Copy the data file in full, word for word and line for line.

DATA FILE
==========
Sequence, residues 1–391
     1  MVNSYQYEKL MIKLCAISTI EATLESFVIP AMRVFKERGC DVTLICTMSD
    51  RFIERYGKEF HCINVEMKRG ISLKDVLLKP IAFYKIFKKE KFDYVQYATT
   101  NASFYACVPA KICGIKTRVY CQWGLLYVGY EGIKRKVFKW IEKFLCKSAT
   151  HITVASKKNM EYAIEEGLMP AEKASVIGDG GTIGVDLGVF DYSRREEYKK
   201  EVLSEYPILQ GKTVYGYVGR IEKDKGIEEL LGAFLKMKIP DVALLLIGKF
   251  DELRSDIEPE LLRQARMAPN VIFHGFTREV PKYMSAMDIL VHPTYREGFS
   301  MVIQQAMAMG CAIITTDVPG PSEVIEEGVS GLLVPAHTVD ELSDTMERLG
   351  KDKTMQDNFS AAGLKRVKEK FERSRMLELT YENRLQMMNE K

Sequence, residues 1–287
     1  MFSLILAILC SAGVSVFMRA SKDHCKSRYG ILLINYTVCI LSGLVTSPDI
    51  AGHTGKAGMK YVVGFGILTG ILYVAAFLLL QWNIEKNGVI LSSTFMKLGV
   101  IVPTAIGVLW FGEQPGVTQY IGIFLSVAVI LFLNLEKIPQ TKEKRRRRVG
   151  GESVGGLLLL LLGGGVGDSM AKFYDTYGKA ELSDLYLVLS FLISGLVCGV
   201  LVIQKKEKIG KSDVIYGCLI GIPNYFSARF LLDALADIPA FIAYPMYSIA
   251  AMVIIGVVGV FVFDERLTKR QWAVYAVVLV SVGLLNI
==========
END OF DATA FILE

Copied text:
Sequence, residues 1–391
     1  MVNSYQYEKL MIKLCAISTI EATLESFVIP AMRVFKERGC DVTLICTMSD
    51  RFIERYGKEF HCINVEMKRG ISLKDVLLKP IAFYKIFKKE KFDYVQYATT
   101  NASFYACVPA KICGIKTRVY CQWGLLYVGY EGIKRKVFKW IEKFLCKSAT
   151  HITVASKKNM EYAIEEGLMP AEKASVIGDG GTIGVDLGVF DYSRREEYKK
   201  EVLSEYPILQ GKTVYGYVGR IEKDKGIEEL LGAFLKMKIP DVALLLIGKF
   251  DELRSDIEPE LLRQARMAPN VIFHGFTREV PKYMSAMDIL VHPTYREGFS
   301  MVIQQAMAMG CAIITTDVPG PSEVIEEGVS GLLVPAHTVD ELSDTMERLG
   351  KDKTMQDNFS AAGLKRVKEK FERSRMLELT YENRLQMMNE K

Sequence, residues 1–287
     1  MFSLILAILC SAGVSVFMRA SKDHCKSRYG ILLINYTVCI LSGLVTSPDI
    51  AGHTGKAGMK YVVGFGILTG ILYVAAFLLL QWNIEKNGVI LSSTFMKLGV
   101  IVPTAIGVLW FGEQPGVTQY IGIFLSVAVI LFLNLEKIPQ TKEKRRRRVG
   151  GESVGGLLLL LLGGGVGDSM AKFYDTYGKA ELSDLYLVLS FLISGLVCGV
   201  LVIQKKEKIG KSDVIYGCLI GIPNYFSARF LLDALADIPA FIAYPMYSIA
   251  AMVIIGVVGV FVFDERLTKR QWAVYAVVLV SVGLLNI